But Justice League #39 again... Hrmm. What to say.
The art is excellent. Credit where it is due, Jason Fabok arrives on the title after work for Darkhorse, and with his detailed clean cut style he impresses a sense of reality to Geoff Johns' doomsday scenario. Aided with subdued and slightly washed out hues from colourist Brad Anderson the tone is grim, indeed for much of the last years worth of this book the tone has been resolutely grim, but Jason Fabok's kineticism and tight panel composition manages to just about overcome these factors to deliver a book and a League that looks good. As with much of Geoff Johns work in recent times he owes much to the quality of artist assigned to him, such is the quality of a Jason Fabok or John Romita they are the ones who lift Johns' slight material above its actual worth and allow for a book that is visually stunning to look at. For the final page of the issue Johns' return of a much missed Leaguer and old favourite is a genuine puch-the-air moment, gloriously rendered by Fabok all seems well in the make-up of the League for a moment. But with the wildly unstable Power Ring, the mercenary Captain Cold, and the devil himself in Lex Luthor, the very concept of the Justice League is one which seems ever more frayed and redundant in Geoff Johns hands. What it says about the likes of Superman, Batman, and Wonder Woman that they allow for three such dubious characters to be allied with reflects badly on the strength of will and character the three are meant to embody... In many ways one might even see this weakness and lack of direction as symbolic of the lapse in Geoff Johns' own writing, for in the end result The Amazo Virus is a story which is about nothing at all. Not morality, not survival, nothing. A moral vacuum.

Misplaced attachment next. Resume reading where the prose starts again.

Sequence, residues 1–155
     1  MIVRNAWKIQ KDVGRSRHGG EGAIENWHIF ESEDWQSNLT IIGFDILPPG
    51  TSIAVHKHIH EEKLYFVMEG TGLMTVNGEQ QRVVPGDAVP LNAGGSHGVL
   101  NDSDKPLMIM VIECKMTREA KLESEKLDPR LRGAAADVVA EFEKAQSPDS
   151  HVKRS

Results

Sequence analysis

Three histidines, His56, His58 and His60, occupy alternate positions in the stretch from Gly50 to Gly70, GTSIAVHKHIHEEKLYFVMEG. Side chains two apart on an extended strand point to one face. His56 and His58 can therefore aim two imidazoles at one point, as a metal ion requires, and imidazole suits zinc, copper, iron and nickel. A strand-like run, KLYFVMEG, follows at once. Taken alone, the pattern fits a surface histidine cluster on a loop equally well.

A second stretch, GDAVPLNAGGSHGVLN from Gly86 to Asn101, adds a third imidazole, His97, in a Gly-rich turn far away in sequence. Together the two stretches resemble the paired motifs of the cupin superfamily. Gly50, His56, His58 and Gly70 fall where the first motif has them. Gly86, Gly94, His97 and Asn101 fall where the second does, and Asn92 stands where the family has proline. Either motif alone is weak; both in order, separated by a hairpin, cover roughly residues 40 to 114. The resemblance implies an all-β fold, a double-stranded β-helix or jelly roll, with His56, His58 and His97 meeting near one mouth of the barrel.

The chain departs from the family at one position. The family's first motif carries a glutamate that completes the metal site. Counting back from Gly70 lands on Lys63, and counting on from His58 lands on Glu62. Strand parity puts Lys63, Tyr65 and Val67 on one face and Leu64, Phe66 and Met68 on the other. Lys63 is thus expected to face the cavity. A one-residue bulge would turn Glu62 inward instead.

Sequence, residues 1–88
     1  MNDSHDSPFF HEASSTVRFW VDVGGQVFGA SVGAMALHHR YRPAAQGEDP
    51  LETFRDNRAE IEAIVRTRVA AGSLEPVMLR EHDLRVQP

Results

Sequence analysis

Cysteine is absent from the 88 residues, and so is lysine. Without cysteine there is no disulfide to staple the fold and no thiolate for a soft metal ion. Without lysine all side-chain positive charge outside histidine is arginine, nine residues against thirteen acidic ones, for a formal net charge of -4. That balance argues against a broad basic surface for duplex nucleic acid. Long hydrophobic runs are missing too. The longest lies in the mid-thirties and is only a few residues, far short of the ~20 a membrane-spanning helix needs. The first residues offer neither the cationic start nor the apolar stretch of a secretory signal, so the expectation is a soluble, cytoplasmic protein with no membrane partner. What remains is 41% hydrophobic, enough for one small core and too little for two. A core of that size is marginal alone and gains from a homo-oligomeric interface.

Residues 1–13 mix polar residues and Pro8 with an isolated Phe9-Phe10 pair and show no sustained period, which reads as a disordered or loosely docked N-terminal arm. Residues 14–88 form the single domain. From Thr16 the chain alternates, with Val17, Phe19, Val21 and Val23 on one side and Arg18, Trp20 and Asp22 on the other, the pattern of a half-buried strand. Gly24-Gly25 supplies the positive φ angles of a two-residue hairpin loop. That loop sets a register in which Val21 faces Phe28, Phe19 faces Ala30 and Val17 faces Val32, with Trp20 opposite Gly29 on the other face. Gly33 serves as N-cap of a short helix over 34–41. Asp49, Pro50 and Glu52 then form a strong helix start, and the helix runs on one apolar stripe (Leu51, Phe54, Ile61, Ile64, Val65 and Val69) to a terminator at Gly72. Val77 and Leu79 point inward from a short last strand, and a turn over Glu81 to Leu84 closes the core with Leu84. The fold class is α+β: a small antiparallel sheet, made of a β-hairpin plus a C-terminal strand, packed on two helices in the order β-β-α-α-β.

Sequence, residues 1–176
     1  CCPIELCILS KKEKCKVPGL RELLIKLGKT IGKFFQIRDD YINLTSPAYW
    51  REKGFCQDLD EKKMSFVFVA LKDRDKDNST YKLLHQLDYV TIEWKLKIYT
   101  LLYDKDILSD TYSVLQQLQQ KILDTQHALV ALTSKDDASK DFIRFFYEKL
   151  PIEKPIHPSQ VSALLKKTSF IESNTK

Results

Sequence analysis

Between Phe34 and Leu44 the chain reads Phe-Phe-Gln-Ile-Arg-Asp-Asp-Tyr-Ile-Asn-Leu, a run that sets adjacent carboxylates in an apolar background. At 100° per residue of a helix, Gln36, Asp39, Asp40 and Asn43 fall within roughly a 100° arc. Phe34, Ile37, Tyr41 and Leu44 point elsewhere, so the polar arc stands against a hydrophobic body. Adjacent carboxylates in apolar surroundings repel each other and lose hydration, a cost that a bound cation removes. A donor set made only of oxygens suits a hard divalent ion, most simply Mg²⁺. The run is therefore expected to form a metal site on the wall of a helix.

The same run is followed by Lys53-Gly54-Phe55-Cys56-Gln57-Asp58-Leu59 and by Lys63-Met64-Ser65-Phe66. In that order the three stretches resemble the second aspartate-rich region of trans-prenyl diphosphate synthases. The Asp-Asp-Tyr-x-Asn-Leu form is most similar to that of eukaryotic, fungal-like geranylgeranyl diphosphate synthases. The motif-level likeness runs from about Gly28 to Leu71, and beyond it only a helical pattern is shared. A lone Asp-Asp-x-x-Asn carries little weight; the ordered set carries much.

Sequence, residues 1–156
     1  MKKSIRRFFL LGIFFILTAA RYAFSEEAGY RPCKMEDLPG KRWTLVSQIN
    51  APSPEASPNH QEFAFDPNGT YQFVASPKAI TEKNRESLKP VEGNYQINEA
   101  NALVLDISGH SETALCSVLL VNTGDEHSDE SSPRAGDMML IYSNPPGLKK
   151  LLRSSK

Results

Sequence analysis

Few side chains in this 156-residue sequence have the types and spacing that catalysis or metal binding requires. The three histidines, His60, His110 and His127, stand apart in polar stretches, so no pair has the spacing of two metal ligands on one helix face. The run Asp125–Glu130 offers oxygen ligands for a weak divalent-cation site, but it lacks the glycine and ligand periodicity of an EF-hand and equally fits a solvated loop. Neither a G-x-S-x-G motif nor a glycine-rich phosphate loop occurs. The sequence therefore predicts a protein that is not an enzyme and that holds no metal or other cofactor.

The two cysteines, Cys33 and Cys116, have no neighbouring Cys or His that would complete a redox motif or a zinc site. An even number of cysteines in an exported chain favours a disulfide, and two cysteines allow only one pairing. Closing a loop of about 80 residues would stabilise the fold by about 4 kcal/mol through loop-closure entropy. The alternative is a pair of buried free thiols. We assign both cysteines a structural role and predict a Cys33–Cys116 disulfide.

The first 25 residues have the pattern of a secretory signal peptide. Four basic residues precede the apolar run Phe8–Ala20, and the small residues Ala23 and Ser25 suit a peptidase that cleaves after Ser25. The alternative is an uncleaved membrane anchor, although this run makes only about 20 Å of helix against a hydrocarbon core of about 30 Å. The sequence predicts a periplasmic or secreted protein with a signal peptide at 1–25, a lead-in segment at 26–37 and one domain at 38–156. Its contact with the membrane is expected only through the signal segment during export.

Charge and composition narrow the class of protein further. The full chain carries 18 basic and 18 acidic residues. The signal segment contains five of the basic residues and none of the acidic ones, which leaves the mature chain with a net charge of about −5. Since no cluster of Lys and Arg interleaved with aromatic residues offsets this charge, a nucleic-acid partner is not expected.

Luthor's speech about the nature of disease and its effect on the course of world history hints at something which Geoff Johns never seems able to realise. Hand in hand with his reveal on the sentient nature of the Amazo virus there seems to be almost a greatr hidden message in Johns plot, but as with Luthor's challenge to Superman above none of it goes anywhere. It amounts to absolutely nothing, other than being a stray thought which is instantly forgotten by Johns. As if he has these ideas, but no idea what to actually do with them in terms of development...
On the face of it the scene is unclear but upon study the intention appears to be to show the two amused as Cold's sense of wonder at life in the Justice League. As he eagerly fumbles to snap a picture of The Flash the intention is likely one of humour, but the execution is clumsy and inadequate. Humoour has never been a strongpoint of Johns work...
The lack of any pay-off to the storyline is summed up by this unwarranted pointless revision of an old enemy, now apparently replaced by a dull and equally one-dimensional upstart - rather than name him Amazo, and link to Amos Fortune, why could Johns not go for something original? Because as it stands this new and completely forgettable Amazo is a very poor reward indeed for these five issues of running around in a circle with the League. Here is a story with no point to it whatsoever...